After two months of rumors that Fitbit was looking for a buyer and that Google was potentially interested, we now know this was true: Google announced its acquisition plan for Fitbit two weeks ago. And I suggested to current Fitbit device fans that it might not be a bad thing because the purchase is less about Google’s wearable challenges — Wear OS watches aren’t a hit — but more about Google adding personal health data to its treasure trove of information. Others agree.
Back in an August episode of the IoT Podcast, when the rumors were still swirling, I said it would make sense for Amazon to buy Fitbit. I think so, even more, this week with reports that the $129 Amazon Echo Bud wireless headphones have a hidden feature: Fitness tracking.
Both CNBC and The Verge have noticed a new Fitness section in the Amazon Alexa mobile app, although Amazon hasn’t announced this function, nor is it mentioned on the Amazon Echo Buds product page. And to be clear, even when it does become generally available, it won’t do much: So far the headphones can only track steps, thanks to the internal accelerometer, which CNBC predicted would be inside the Buds for step tracking.
However, it suggests to me that I was on the right track in August in that Amazon wants the personal health data currently gathered by devices from Apple, Garmin, Google and others, such as Fitbit. And if so, Amazon should have strongly pursued a Fitbit acquisition, instead of letting Google win the spoils.
So why would Amazon even want this personal data?
Because Amazon’s business model is built on personal data in its ecosystem: What you read, watch or listen to, what products you search for (even if you ultimately don’t by them), when you’re home and even where your car is if you use Amazon Key In-Car Delivery services. And I haven’t even touched upon the questions you pose or commands you provide to Alexa.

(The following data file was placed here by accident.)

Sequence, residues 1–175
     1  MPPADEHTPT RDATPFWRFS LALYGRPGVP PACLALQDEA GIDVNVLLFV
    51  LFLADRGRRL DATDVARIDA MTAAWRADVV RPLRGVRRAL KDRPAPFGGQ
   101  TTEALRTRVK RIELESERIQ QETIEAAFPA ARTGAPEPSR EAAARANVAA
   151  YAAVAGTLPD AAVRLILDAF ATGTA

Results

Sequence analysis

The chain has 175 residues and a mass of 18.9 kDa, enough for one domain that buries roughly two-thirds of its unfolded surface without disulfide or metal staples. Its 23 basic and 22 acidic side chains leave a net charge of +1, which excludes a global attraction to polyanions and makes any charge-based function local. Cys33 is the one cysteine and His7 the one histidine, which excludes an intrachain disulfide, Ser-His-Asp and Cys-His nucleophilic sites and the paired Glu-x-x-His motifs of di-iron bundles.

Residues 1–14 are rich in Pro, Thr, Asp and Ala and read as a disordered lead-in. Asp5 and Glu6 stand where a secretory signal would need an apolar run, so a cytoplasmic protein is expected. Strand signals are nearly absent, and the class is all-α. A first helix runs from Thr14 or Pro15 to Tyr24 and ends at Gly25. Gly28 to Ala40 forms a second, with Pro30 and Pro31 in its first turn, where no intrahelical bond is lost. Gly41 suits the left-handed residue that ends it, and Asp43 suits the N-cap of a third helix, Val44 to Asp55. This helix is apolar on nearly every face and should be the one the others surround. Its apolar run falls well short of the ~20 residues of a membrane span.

It’s all about data. And for Amazon, the biggest hole in its customer dataset is personal health information. A Fitbit acquisition would have quickly plugged that hole for Amazon and I can just imagine what it might have done with that data.
If an Amazon wearable device detects stress through an increased heart or respiration rate when you’re inactive, for example, Alexa could suggest some relaxing music or ask if you’re okay. Presumably, it could contact a pre-configured family member through an Echo voice call or perhaps even call emergency services in a situation that required it.
What if an Amazon fitness tracker saw that my running sneakers had crossed 400 miles of usage and therefore were likely ready to be replaced. Shoe purchase suggestions based on my height, weight and perceived fitness level could magically surface in the Amazon app. Heck, maybe my running habit is so predictable that my preferred kicks become a “Subscribe and save” discounted purchase every few months.
And that’s just the tip of the iceberg. Unfortunately, since it didn’t purchase Fitbit, Amazon will have builds fitness tracking into its own wearables to get that data. And that’s a shame because I suspect more people trust Amazon with their data than they trust Google.